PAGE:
Commuters will be able to bring bikes and scooters onto Metro’s rail system at any time of service, including rush hour, as of next Monday, Jan. 7. The transit authority is expanding a policy of allowing them on trains in response to feedback from bike advocates, it announced this week. Since 2001, bikes have been banned on the rail system during rush hour—from 7 a.m. to 10 a.m. and from 4 p.m. to 7 p.m. on weekdays—even as bike use in D.C. has surged.
“We believe this change supports ridership growth by Metro and a commuting option for those who want to have a bike with them,” said Joe Leader, Metro’s chief operating officer, in a statement. The transit agency says it seeks to increase the share of its customers who arrive at its rail stations via bike to more than 2 percent by 2020, from less than 1 percent in 2016.
Metro adds that it reviewed its most recent policy and concluded that it could end the rush-hour ban “without significant negative effects,” in part because its new 7000-series trains have more open space than their predecessors and most of its rush-hour trains are currently eight cars long. Metro says it expects the change to benefit reverse commuters in particular.
Metro has not always allowed bikes on its rail system. They were completely banned when Metrorail first opened, in 1976, but were subsequently allowed, starting in 1982, under paid permits on weekends and holidays. The permits were done away with in 1998, notes Metro.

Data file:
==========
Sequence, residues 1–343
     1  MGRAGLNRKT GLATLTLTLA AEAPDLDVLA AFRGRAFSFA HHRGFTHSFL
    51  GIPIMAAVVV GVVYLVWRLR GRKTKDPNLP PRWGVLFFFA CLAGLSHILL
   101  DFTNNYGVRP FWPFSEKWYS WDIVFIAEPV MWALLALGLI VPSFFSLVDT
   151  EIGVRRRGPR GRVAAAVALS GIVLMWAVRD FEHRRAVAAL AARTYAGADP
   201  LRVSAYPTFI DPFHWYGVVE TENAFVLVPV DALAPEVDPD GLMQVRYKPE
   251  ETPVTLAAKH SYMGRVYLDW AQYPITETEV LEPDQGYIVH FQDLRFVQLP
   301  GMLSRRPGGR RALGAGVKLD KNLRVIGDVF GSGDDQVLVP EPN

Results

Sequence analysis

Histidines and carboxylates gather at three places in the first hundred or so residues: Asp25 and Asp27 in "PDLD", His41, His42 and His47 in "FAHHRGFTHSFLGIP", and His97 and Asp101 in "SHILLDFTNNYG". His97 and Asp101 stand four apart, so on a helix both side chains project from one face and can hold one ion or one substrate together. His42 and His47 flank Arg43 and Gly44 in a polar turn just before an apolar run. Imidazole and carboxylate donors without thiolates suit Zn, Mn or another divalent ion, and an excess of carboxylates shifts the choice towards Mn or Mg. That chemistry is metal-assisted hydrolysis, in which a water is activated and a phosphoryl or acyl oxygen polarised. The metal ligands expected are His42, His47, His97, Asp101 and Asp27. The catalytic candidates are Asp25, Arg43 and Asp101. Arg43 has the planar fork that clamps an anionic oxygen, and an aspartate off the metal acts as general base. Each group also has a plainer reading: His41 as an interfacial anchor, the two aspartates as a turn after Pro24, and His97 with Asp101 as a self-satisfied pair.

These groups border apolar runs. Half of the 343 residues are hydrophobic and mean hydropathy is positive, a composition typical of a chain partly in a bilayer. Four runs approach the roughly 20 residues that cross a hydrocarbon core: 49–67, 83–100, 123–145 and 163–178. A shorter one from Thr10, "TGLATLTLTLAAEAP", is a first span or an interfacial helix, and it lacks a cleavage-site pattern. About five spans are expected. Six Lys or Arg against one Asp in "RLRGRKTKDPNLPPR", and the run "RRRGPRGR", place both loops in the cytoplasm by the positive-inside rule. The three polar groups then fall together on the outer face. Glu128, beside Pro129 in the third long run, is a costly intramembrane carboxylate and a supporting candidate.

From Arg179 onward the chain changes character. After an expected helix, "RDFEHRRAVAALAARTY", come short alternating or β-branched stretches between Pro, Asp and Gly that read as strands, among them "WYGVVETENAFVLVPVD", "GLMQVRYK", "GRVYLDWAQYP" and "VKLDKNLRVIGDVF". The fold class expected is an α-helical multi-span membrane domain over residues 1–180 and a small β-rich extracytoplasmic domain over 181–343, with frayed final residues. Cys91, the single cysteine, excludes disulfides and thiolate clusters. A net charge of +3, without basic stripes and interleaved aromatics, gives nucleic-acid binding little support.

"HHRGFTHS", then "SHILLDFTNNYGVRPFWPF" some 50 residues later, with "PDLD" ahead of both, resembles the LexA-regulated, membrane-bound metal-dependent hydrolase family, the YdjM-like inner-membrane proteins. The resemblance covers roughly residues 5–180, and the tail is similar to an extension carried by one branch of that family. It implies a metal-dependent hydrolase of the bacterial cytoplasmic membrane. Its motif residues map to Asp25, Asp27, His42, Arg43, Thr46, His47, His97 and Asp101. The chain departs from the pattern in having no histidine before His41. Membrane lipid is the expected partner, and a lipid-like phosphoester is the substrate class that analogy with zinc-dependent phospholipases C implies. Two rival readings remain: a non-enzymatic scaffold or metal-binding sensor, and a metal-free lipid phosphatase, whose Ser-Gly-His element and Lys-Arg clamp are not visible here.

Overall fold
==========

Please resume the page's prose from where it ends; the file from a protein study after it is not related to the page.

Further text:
The fine print of the new policy is that “standard-size bikes will be allowed at all times, on any car of any train, provided that space is available.” Metro is also reserving the “ability to restrict bicycles on the rail system during major events drawing high ridership, such as July 4 fireworks and Inauguration Day.” It says it will track how riders adapt to the new policy and discourages them from boarding with their bikes through center doors and blocking passage.
Asked whether electric scooters and electric bikes would be allowed under the change, a Metro spokesman says nothing in the policy precludes them. “Same guidelines apply: give priority to seniors/people with disabilities, use the end doors (not the center doors), don’t carry them on escalators, and be courteous to your fellow riders,” he explains in an email. Metro’s buses can also carry two full-size bikes at a time, on existing racks on their fronts.
Under this new policy, will you be more likely to bring a bike or scooter on Metro than before?
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